Worries over funding are making higher education heads in Wales nervous over the prospect of introducing an entrance levy.
Many believe that Welsh institutions would suffer serious recruitment problems if they were to follow a call from the Committee of Vice Chancellors and Principals for a blanket levy to cover budget cuts.
The CVCP has threatened to impose an entrance charge if the Government fails to redress massive reductions in higher education spending, brought in by last November's Budget settlement.
But members of the new Heads of Higher Education Wales fear such a move would hit Welsh institutions hard, with many relying heavily on recruiting from regional and relatively poor communities.
Until recently most Welsh vice chancellors and principals have kept quiet about their concerns in an effort to present a united front with the CVCP.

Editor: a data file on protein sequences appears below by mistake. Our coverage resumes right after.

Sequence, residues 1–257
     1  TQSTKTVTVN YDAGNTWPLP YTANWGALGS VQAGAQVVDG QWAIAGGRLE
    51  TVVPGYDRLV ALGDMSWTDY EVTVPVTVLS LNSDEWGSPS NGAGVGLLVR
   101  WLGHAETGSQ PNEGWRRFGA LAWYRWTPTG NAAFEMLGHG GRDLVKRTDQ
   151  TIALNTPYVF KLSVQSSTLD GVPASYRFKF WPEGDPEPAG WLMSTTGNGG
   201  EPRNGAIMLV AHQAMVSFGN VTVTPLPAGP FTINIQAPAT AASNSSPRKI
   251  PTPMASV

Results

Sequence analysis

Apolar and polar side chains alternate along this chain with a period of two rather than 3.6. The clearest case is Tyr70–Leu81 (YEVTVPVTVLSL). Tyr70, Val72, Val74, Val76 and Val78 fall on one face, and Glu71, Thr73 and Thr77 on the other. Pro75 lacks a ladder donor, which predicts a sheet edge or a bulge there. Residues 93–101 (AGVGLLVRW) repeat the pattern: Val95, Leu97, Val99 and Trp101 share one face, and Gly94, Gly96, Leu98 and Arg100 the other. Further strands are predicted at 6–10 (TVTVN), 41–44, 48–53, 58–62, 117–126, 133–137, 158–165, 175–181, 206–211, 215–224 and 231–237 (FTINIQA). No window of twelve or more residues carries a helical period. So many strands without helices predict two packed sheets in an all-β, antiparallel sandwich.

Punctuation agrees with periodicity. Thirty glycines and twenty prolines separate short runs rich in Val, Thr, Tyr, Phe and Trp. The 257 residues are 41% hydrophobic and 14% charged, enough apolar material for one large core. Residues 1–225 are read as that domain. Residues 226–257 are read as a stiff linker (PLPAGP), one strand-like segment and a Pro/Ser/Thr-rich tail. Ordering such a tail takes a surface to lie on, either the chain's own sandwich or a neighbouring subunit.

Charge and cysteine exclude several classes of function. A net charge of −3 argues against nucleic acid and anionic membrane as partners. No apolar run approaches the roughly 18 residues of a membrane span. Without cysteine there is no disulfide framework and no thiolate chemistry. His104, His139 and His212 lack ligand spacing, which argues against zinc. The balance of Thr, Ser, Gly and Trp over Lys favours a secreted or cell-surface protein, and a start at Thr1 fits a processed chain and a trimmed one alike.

But allocations announced by the Welsh funding councils last month have left some institutions feeling vulnerable and counting the likely cost of a levy.
Keith Robbins, vice chancellor of the University of Wales, Lampeter, and chairman of HHEW, said there was "a good deal of scepticism" about a levy among Welsh higher education heads, despite a commitment to follow the CVCP lead. With big capital cuts being phased in over the next three years in Wales, some institutions might feel hard-pushed to fulfil that commitment, he said. "If push comes to shove, we may not be shoved," he warned.
Adrian Webb, vice chancellor of the University of Glamorgan, said even talk about a levy could cause problems for Welsh institutions.
"It could have a big impact because we are substantially a sub-regional community in our pattern of recruitment, drawing on quite impoverished areas," he added.